Necho II was a pharaoh of the 26th dynasty of Egypt, and he was used by God to play a crucial role in the crossroads of three kingdoms from the Middle East and Mesopotamian regions. The kingdoms of Assyria, Babylon, and Judah, were all influenced by the decisions of Neco II. He appears on the Old Testament Timeline during the sixth century BC
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Necho II name is described as meaning “carrying out the wishes of the heart” or “carrying out the heart”. He was the son of Psammetichus I. He became Pharaoh by marrying Psammetichus I daughter Mehtenweskhet. Though King Necho II spent most of his reign fighting battles he had tried to establish some civil building projects, and he tried to form an Egyptian navy to control the waterways that situated around the Delta area. He also tried to create a canal that extended from the Nile to the Red Sea. His efforts would later be used to lay the groundwork for the Suez Canal which would be built thousands of years later. He was also the father of Psamtik III, who would later become a next Pharaoh caught up in the never-ending Middle Eastern and Mesopotamian crises.
Around 610 B.C., the Assyrians were the most powerful empire in the Middle Eastern and Mesopotamian region. They had power over many of the kingdoms, tribes and cultures that resided in these two areas, and they used their power to collect tribute and slaves from various regions. The kingdom of Babylon was one group of people who were defeated by the Assyrians. They no longer wanted to be ruled by the Assyrians. They rebelled and were a led by a Babylonian general named Nebopolasser against Assyria. With the help of the Medes and the Scythians they were able to overthrow the chief Assyrian city of Nineveh.
The Assyrians were being defeated, and they were not going to hold out without some assistance from the Egyptians. Neco II decided to help the Assyrians, and they marched their armies toward the second Assyrian capital named Harran. While Neco II was crossing the desert near Judah to assist the Assyrians he was intercepted by King Josiah. Pharaoh Neco II told Josiah not to interfere with his plans to help Assyria, but Josiah didn’t listen and ended up losing his life. Judah had to pay tribute to Egypt after this event had occurred.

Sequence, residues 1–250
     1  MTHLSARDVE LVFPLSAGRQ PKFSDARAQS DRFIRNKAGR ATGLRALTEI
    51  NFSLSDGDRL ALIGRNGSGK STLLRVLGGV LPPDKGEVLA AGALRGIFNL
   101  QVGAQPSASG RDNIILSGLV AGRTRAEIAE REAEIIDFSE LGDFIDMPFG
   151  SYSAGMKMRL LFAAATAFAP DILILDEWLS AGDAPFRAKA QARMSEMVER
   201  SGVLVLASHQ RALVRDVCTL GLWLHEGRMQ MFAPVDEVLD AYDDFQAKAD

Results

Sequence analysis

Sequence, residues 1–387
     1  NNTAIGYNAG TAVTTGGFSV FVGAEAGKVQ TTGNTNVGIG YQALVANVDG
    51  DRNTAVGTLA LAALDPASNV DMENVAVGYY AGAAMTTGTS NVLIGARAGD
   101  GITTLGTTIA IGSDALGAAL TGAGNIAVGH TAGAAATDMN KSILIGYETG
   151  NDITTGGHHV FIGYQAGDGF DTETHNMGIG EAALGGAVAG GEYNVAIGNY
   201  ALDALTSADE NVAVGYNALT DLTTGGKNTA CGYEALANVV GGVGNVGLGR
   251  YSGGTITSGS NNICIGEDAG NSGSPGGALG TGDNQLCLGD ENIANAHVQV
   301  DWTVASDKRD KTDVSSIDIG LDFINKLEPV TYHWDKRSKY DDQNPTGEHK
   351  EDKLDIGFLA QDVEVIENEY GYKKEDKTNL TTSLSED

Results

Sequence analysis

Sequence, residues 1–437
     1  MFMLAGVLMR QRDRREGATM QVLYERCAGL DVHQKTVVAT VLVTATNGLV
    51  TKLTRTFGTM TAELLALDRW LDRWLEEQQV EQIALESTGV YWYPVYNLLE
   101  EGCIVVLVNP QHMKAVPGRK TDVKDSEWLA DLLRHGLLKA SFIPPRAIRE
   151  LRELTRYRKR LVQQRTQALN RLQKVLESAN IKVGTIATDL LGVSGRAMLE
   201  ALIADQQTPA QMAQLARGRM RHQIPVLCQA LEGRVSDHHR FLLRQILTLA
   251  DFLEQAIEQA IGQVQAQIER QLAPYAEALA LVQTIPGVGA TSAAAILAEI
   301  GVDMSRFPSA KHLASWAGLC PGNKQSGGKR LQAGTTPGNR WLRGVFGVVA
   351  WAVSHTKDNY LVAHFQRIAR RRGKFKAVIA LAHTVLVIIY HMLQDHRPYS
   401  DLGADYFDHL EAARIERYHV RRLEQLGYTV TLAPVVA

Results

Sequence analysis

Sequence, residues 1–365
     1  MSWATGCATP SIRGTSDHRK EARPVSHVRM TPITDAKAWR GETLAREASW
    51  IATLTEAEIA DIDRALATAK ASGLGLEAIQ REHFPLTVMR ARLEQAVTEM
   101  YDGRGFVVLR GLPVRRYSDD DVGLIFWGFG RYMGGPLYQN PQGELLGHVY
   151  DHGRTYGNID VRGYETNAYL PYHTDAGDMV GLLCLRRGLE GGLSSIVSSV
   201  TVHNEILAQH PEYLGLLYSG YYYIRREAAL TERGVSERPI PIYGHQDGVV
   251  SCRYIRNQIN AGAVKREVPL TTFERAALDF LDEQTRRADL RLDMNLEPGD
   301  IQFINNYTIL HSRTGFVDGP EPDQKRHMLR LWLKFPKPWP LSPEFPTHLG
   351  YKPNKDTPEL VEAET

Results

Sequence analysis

King Neco II then took his forces on to Assyria to help Asshur-Ubalitt II to hold the city, but it wasn’t any use. Harran had fallen, and Neco II had to flee and later regrouped to fight at Carchemish. The Egyptians would later meet Nebopolasser’s armies at the battle of Carchemish in which Nabopolasser’s forces would soundly defeat the Egyptians. The Egyptians had to leave the area and return home. On his way back to Egypt, Neco II dethroned a Judean king named Jehoiachin and forced him to become a prisoner back in Egypt. He then placed his brother Eliakim on the throne.
A few years had passed since these incidents, and when Neco II returned home, he realized that the Babylonians were right at his borders. King Nebopolasser of Babylon sent his son Nebuchadnezzar to lay siege to Egypt. Pharaoh Neco II could barely hold out against the Babylonians, and they were ultimately forced to pay Babylon tribute. King Neco II tried to find allies who would help him against Babylon, but he wasn’t able to find any. He died in 595 B.C.
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3 thoughts on “Necho or Nekau II of Egypt”
There is a mistake in your narrative about Pharaoh Necho replacing Jehoiachin. After Josiah died from his wounds after the battle of Megiddo, his son Jehoahaz became king (2Kings 23:30-31). Jehoahaz (Joash) is who Pharaoh Necho took back into Egypt as a prisoner (2Kings 23:31-34;Jer 22:11-12; 2Chron 36:1-4) and replaced with Eliakim and changed his name to Jehoiakim (2Kings 23:34). Jehoiachin (Jeconiah/Coniah) became king after Jehoiakim was displaced by Nebuchadnezzar (2Chron 36:5-6), then Nebuchadnezzar replaced Jehoiachin (Jer 24:1) with Zedekiah, the last king of Judah (2Kings 24:17; 2Chron 36:10).
Interesting to know the truth about Jehoiakim. Can i have an explanation for Jeremiah 45:1 eere Jehoiakim is refered as the son of Josiah king of Judah?
The Bible often relates genealogies back to significant figures. In the case of Jehoiakim his father was Jehoahaz who not only was a wicked king but managed to stay on the throne all of 3 months. In short, a failure and someone of little historical significance. Thus, the Bible refers to Josiah, the last significant person of that line as the father.
This isn’t uncommon in the Bible. Jesus is said to be the son of David, the son of Abraham (Matt. 1:1); thus, linking parents that were many generations apart.